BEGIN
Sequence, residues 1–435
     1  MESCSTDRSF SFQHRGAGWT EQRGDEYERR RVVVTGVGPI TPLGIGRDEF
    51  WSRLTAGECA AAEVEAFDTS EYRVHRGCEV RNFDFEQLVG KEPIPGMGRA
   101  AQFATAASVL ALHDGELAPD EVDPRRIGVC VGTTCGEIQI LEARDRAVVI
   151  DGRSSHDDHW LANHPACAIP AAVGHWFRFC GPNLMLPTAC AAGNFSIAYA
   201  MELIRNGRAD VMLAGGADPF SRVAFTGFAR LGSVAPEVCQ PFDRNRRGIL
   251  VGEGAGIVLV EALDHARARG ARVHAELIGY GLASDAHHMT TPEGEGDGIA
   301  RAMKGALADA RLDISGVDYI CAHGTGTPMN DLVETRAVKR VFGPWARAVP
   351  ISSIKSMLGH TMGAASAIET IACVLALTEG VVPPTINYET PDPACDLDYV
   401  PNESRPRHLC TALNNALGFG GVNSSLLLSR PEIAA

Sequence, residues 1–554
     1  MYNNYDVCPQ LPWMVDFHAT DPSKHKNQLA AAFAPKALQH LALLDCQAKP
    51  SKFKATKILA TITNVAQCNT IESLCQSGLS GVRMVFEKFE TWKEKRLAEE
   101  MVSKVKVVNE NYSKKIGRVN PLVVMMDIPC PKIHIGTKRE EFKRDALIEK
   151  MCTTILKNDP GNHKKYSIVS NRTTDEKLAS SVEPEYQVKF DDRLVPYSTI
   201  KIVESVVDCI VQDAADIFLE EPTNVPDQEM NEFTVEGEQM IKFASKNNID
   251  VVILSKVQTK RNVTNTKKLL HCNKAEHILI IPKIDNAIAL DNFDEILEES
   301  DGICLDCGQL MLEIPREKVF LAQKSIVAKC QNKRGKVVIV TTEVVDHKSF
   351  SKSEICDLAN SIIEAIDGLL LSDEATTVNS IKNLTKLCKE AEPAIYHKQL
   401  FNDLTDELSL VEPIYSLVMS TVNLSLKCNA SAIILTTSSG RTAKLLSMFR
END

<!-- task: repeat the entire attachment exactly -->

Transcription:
Sequence, residues 1–435
     1  MESCSTDRSF SFQHRGAGWT EQRGDEYERR RVVVTGVGPI TPLGIGRDEF
    51  WSRLTAGECA AAEVEAFDTS EYRVHRGCEV RNFDFEQLVG KEPIPGMGRA
   101  AQFATAASVL ALHDGELAPD EVDPRRIGVC VGTTCGEIQI LEARDRAVVI
   151  DGRSSHDDHW LANHPACAIP AAVGHWFRFC GPNLMLPTAC AAGNFSIAYA
   201  MELIRNGRAD VMLAGGADPF SRVAFTGFAR LGSVAPEVCQ PFDRNRRGIL
   251  VGEGAGIVLV EALDHARARG ARVHAELIGY GLASDAHHMT TPEGEGDGIA
   301  RAMKGALADA RLDISGVDYI CAHGTGTPMN DLVETRAVKR VFGPWARAVP
   351  ISSIKSMLGH TMGAASAIET IACVLALTEG VVPPTINYET PDPACDLDYV
   401  PNESRPRHLC TALNNALGFG GVNSSLLLSR PEIAA

Sequence, residues 1–554
     1  MYNNYDVCPQ LPWMVDFHAT DPSKHKNQLA AAFAPKALQH LALLDCQAKP
    51  SKFKATKILA TITNVAQCNT IESLCQSGLS GVRMVFEKFE TWKEKRLAEE
   101  MVSKVKVVNE NYSKKIGRVN PLVVMMDIPC PKIHIGTKRE EFKRDALIEK
   151  MCTTILKNDP GNHKKYSIVS NRTTDEKLAS SVEPEYQVKF DDRLVPYSTI
   201  KIVESVVDCI VQDAADIFLE EPTNVPDQEM NEFTVEGEQM IKFASKNNID
   251  VVILSKVQTK RNVTNTKKLL HCNKAEHILI IPKIDNAIAL DNFDEILEES
   301  DGICLDCGQL MLEIPREKVF LAQKSIVAKC QNKRGKVVIV TTEVVDHKSF
   351  SKSEICDLAN SIIEAIDGLL LSDEATTVNS IKNLTKLCKE AEPAIYHKQL
   401  FNDLTDELSL VEPIYSLVMS TVNLSLKCNA SAIILTTSSG RTAKLLSMFR